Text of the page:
Has anything changed about road safety since 2018?
On November 24, 2021, 17-year-old Nayeem Hasan left home to attend classes in his college just like any other morning. Little did he know it was the last time he would step out of his home, and that he would not be able to reach his college. Not then, not ever again.
On his way, Nayeem was hit by a DSCC compactor vehicle. He was heavily injured and upon being taken to a hospital, the doctors pronounced him dead. The innocent dreams of a teenager, hopes of his parents, all shattered in a moment just like that. A human lost, and the void in the hearts of their family never to be filled.
It was later found out that the vehicle was driven by a "cleaner", and not the registered driver. The driver fled after the accident.
A day after, a graphic designer working for a local newspaper company was killed after a garbage truck hit his motorcycle from behind. On the same day, a bus en route Dhaka collided with an auto-rickshaw, leaving three college students dead. In both cases, the respective drivers fled from the spot.
Such news has honestly become a part of our lives, where accidents leading to deaths have become a norm. In fact, according to data by Bangladesh Jatri Kalyan Samity, 3222 people lost their lives in road accidents as of June this year.
After Nayeem's accident, students of Notre Dame College, where Nayeem was a student, took to the streets demanding stricter traffic rules and road safety. The scene was very reminiscent of the 2018 road safety protests following the deaths of two school students in road accidents.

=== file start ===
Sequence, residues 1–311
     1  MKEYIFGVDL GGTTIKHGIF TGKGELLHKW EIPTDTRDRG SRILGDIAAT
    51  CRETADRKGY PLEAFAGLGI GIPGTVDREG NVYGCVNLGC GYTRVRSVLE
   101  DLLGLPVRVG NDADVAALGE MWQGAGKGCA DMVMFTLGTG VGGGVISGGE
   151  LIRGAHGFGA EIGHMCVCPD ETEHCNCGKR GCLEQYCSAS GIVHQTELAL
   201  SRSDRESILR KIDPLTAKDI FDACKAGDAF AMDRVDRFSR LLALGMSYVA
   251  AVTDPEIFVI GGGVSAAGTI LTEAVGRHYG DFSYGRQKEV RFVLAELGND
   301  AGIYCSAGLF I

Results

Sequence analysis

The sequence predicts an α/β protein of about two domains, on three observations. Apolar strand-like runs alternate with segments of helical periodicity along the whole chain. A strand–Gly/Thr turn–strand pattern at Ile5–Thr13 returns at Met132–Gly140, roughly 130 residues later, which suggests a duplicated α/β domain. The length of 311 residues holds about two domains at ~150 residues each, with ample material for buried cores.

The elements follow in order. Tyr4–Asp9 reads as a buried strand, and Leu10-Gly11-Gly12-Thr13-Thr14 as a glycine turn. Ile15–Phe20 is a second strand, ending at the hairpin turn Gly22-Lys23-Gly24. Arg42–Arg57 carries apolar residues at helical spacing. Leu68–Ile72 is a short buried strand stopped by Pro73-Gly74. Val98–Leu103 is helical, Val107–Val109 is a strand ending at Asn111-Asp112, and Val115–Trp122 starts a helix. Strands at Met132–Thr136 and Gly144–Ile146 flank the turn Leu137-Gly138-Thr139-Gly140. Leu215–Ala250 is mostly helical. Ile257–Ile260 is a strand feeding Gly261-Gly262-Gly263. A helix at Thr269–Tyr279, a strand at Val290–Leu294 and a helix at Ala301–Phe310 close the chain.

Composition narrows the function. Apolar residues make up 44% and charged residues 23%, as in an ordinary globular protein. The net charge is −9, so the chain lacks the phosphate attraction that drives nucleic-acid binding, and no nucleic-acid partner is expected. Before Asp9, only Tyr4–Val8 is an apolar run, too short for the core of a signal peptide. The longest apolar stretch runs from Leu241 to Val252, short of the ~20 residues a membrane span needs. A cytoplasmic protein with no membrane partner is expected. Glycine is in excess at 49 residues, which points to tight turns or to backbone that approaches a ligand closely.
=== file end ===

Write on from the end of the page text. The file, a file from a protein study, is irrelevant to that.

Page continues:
The students had laid out their demands then which included punishment of the guilty drivers and asked for organised road safety laws, such as the proper use of traffic lights, and a law which would punish drivers without licenses.
More than three years on, has much really changed regarding the state of road safety in Bangladesh? Accidents have continued to occur, in fact, according to Bangladesh Jatri Kalyan Samity, road accidents have increased since 2018.
There's still no regard for the use of traffic lights and zebra crossings. Bus drivers continue to get paid low wages, for which they feel the need to overspeed and overtake other buses to complete more trips, therefore leading to accidents. Bus stops continue to be of little use.
Many vehicles still run without proper fitness and, in many cases, unlicensed drivers are driving. Teenagers, who are supposed to be in school, are obliged to drive heavy lorries and trucks for the sake of earning that extra bit of money for their disadvantaged families.
As accidents continue to occur, we again go back to wondering when roads will actually be safe for commuting. When people will not have to think twice about using public transport such as buses, and they won't have to decide whether to dangerously jump on a running vehicle or to use an alternative, expensive way of transport.
As our country continues to develop economically and gain more recognition globally, it is of utmost importance that road safety is given its priority. It will take some time for everything to improve, but a small step is still a start for bigger things to happen. In complete honesty, people's lives have many problems in it and people have a multitude of things to stress about, but getting rammed by a bus shouldn't be one of them.